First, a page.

Wade Lightheart: That's great. Now I suspect also the calorie requirements of these types of athletes must be significantly higher than the general population. What would you say would be, or, or, or the variants between, I can imagine what an NFL lineman that over 300 pounds and you know, involved in hundreds of collisions every day, like what's his nutrition requirements to say someone like a speedster on the outside would, would, would they be significantly varied.
 
Aaron Wellman : Yeah, significantly different just for simple, simple math of thermodynamics of just maintaining body weight. Right. So a 300 pound or that, that's 20% body fat, that has 240 pounds of lean body mass. It needs significantly more calories simply to maintain his weight and then 185 pound defensive back that we have. Right. But you mentioned something critical that, that I didn't have a great understanding of till I say five, six years into this profession, was that the blunt force trauma requires increased caloric needs.
 
Wade Lightheart: Wow. Wow. And what, is there a like a kind of a scale about how much damage they have and how much food they'll need, you know, there probably isn't an order?

 Aaron Wellman : The only way to determine that as it's a real look at creating a kinase levels, which we don't look at because it requires a blood drop, but it hasn't been looked at in Division 1 football, creating kinase levels. And this has been a study well over 10 years ago where they looked at creating kinase before training camp at the end of training camp, then about every three weeks throughout the season. And they saw me creating kinase three weeks into camp, but really leveled off as the season went. However, it's anecdotally, right? We see this all the time every year with players who say, I don't know why I can't put the weight on. I don't why I can't keep weight on where they feel like they're doing less activity in season because we practice on it. I didn't even get through. I only got to Monday and we haven't got it right.
 
Wade Lightheart: Yeah, we were all, we're all on Monday for pizza!
 
Aaron Wellman : We practice Wednesday, Thursday, Friday, and they play Sunday. So, and then Monday's a weight training day, Tuesdays - day off, Saturdays kind of a walkthrough day. So you've got four days of physical activity out of the seven. And so they feel like, jeez, I'm in the off season, I'm training five, six days a week. And it's easy for me to gain weight. Well in season that blunt force traumas added, added to that, that, that that is an increased caloric demand that must be accounted for with these guys. And we don't, you know, most of our athletes aren't. And we've got a Pratik Patel, our director of performance nutrition, he's outstanding. Best I've ever been. He does a great job, but even with that, we don't count macronutrients with our players. Because they're not that as interested in, we're trying to make healthy choices. And so we, we add and delete things from the diet, from the menu, from their post-workout shake as we see fit.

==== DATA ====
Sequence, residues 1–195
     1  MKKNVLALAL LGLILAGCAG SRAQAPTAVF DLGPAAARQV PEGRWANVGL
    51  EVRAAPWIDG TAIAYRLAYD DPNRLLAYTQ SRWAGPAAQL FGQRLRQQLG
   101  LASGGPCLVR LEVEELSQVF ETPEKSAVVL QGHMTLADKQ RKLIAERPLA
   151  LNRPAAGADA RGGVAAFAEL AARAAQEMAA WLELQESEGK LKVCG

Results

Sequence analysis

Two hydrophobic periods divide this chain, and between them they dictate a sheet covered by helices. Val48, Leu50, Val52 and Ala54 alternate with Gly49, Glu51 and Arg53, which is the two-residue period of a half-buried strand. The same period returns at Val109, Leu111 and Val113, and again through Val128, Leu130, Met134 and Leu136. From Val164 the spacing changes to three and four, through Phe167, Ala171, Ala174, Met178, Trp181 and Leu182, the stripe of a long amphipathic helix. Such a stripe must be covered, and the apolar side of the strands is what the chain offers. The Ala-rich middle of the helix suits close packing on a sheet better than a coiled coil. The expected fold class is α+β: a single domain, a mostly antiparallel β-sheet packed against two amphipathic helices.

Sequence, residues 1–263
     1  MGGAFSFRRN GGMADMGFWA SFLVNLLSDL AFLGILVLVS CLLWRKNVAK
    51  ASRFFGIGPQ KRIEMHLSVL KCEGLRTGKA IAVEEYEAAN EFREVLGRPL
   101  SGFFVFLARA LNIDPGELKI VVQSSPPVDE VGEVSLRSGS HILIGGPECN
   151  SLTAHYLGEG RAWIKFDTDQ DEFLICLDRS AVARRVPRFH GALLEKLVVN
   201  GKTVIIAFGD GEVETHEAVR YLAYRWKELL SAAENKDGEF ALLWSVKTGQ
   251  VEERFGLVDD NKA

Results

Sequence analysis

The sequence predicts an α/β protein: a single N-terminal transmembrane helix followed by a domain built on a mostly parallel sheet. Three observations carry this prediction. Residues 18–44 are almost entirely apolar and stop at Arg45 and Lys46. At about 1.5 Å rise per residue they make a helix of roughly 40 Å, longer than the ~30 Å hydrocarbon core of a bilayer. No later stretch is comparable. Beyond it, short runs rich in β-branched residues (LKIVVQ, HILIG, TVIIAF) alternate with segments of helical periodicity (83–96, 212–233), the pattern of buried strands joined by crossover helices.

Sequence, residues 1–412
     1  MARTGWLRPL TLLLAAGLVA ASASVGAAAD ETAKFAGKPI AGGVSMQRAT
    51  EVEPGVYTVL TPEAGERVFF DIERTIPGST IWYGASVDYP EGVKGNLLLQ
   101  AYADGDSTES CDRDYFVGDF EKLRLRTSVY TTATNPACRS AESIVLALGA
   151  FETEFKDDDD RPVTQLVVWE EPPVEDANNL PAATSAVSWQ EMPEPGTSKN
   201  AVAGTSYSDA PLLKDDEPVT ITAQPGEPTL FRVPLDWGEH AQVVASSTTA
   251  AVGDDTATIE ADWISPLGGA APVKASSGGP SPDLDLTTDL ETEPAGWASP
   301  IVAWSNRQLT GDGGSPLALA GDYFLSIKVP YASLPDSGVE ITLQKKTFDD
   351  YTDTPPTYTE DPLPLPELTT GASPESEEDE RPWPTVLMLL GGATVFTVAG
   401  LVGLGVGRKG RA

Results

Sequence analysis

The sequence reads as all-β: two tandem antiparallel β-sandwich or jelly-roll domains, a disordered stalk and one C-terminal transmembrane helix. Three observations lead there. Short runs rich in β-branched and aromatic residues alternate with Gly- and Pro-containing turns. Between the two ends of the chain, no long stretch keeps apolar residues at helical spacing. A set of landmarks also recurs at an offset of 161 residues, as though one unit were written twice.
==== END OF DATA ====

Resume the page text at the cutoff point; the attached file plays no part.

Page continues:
Aaron Wellman : And and then you'll have certain guys who maybe you're a practice squad player and maybe someone gets hurt. Now you're called up tags a roster. Now your workload doubles, right? Well, your caloric demands increase too. And players have to understand that. And conversely you're a starter, you get injured and you're in a walking boot for three weeks. We'll look ahead and start caloric demands. Right now our core demands decrease. We cannot put on body weight coming back from a three week lower body and drusen. Now we have to focus in and educate them on taking some things out of their diet. And so it's a constant educational process.
 
Wade Lightheart: You're constantly just readjusting to, you know, wow, that's, it's a, it's an incredible amount of work. You mentioned sleep. We'll get to Tuesday and Wednesday and beyond. What's the, the sleep requirements I think is fascinating. And I know Matt, my co-founder, he's, he's so far gone on sleep. What are you noticing as far as requirements for sleep? Is there variance between athletes and, but what are kind of the bedrock of things that you've observed as far as sleep or grade recovery?
 
Aaron Wellman : Yeah, great question. And again, I think that there's individual various with, with all of these things, right? Some guys do great on seven hours and they've done very well on seven hours for five, six years, all through college and through their NFL career. Other guys, when they get seven hours, really feel rundown and require 8 to 10. A lot of our guys are able to take naps. You know, they're usually doing a long day. They're still done out of the building by five o'clock. And a lot of our guys would go home and take a nap from 5.30 to 6-6.30 and then, and then be in bed by 11. So I think guys handle it to varying degrees. But inevitably, if we're going to, if that's a lever that we think is important and we do nutrition, sleep, again, that has to be talked about every day.
 
Wade Lightheart: Do you do you mind, do you have devices that you monitor the sleep cycles for people like you? Do you have technology that attracts deep sleep, REM sleep, all that sort of stuff?